Each team went through a major scoreless streak during the series. The Bruins didn't score for a span of 100 minutes and 57 seconds (starting roughly 6 minutes into the third period of Game 1 and ending nearly 15 minutes into the second period of Game 2). This stretch is depicted via the dashed black line. The Blackhawks later topped that, experiencing a scoring drought of 129 minutes and 14 seconds; after scoring at the 11:22 mark of the first period of Game 2, Chicago didn't light the lamp again until nearly 7 minutes into Game 4. This span is shown with a dashed red line.
Another offensive difficulty for the Hawks was the power play; for the series as a whole, they scored on only 1 of 19 instances in which the Bruins had a man in the penalty box (a few times, a Chicago player was sent off at the same time as a Boston player, which would not be a power play).
The most memorable aspect of the series would have to be the closing moments. The Blackhawks led the series 3 games to 2, but trailed in the closing minutes of Game 6 by a 2-1 score. Chicago then stunned Boston with two goals just 17 seconds apart (with 1:16 and 0:59 remaining) to win 3-2. Tom Tango cited an estimate that Chicago had only a 3% chance of winning the game before its late outburst and noted the oddity of both teams being in a position to pull its goalie in the same game (a team down a goal in the closing minutes will almost always bring its goalie to the bench to substitute in a sixth attacking player).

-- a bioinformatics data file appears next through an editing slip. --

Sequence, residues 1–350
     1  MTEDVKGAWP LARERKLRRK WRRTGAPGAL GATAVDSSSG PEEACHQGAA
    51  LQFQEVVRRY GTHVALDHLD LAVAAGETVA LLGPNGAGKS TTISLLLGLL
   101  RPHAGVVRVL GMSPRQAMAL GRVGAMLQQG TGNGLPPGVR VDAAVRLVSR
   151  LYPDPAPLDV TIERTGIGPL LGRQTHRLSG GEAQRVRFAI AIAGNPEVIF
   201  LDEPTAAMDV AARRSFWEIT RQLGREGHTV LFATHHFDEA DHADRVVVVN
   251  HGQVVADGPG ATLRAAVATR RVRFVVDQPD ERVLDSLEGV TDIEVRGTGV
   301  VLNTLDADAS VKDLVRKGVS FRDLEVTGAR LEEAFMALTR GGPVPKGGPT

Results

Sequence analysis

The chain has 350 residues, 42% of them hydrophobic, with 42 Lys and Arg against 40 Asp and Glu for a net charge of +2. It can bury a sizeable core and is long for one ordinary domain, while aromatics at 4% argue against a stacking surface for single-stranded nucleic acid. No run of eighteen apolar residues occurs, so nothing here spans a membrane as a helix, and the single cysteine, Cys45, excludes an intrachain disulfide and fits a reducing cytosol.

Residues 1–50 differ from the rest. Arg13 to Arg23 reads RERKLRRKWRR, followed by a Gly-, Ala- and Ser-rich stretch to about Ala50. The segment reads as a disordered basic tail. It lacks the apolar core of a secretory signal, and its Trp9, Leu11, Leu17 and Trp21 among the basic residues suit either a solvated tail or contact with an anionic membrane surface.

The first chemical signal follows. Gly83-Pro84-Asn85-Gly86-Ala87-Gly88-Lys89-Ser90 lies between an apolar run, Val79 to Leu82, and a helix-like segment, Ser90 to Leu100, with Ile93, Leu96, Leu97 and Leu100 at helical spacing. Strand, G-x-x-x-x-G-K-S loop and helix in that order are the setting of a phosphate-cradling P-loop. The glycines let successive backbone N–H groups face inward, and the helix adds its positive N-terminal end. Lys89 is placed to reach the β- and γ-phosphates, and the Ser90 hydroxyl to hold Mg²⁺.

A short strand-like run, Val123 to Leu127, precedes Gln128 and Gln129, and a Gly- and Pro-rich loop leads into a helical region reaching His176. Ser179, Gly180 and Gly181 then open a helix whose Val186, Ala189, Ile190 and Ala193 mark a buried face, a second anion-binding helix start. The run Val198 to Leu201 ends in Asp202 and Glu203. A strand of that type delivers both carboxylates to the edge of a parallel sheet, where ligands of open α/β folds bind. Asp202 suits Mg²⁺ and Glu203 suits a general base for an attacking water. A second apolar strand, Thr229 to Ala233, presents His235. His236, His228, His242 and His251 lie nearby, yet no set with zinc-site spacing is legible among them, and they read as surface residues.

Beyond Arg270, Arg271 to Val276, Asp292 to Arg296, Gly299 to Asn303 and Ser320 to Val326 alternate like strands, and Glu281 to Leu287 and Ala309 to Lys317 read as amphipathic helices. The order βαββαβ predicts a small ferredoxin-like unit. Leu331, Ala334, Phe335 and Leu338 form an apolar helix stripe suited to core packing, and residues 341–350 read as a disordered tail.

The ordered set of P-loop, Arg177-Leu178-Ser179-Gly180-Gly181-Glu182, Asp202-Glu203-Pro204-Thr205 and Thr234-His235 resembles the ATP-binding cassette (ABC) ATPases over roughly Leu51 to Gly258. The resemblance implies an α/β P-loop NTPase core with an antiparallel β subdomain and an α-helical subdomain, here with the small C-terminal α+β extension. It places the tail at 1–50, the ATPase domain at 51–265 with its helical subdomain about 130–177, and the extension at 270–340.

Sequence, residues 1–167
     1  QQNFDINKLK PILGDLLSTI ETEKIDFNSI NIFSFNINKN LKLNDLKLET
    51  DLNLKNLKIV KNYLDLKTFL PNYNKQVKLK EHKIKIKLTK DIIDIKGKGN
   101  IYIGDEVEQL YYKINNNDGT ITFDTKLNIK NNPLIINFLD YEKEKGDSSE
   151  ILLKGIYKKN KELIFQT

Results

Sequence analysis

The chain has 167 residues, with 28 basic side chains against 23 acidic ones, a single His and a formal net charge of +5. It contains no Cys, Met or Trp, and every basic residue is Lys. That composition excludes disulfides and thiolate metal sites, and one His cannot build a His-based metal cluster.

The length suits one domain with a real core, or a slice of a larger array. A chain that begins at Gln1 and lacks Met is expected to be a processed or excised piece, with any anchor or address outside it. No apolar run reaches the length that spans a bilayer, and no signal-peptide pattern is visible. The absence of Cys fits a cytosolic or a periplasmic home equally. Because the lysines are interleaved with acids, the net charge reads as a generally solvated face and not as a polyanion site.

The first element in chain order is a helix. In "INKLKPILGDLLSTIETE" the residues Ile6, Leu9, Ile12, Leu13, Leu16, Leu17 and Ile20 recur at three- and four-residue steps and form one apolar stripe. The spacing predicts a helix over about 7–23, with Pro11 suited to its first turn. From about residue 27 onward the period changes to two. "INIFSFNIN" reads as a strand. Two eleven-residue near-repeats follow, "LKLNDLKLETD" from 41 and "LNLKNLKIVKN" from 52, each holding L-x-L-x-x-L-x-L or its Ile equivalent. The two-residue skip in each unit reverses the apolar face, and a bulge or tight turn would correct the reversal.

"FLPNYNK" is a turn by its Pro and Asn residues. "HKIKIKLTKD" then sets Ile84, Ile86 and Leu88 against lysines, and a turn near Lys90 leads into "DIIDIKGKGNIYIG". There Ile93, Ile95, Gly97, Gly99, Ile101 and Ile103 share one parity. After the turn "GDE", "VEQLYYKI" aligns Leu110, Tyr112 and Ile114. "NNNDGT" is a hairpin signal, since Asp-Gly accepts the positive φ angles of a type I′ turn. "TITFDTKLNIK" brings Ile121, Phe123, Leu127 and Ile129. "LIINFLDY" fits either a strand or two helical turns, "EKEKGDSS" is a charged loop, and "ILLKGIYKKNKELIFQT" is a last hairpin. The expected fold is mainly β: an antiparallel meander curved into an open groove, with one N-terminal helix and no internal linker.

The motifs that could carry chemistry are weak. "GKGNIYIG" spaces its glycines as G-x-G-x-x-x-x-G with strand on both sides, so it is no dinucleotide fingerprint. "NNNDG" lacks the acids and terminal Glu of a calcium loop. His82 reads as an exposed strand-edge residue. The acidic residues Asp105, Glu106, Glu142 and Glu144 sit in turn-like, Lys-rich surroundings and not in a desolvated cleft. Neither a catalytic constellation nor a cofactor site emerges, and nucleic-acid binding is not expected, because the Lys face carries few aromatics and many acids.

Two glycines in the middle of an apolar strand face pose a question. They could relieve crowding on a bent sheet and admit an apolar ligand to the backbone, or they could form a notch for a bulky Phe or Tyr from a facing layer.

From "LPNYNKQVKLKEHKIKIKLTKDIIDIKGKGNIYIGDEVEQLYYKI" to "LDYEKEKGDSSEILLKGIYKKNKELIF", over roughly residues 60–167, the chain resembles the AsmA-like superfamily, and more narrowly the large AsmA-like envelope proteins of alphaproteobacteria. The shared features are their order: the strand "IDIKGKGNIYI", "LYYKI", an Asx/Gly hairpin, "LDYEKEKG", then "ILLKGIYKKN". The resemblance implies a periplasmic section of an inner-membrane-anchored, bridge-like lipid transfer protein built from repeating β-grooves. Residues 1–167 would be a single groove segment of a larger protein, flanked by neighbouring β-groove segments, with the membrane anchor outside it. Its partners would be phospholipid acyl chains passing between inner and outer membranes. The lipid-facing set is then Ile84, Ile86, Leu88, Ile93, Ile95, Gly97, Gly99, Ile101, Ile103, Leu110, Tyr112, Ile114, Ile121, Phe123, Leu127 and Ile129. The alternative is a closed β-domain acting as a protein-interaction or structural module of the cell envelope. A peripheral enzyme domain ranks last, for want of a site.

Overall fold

Weird things can happen in hockey (see this video of quick goals), but Chicago's manner of clinching this year's Cup is one for the ages.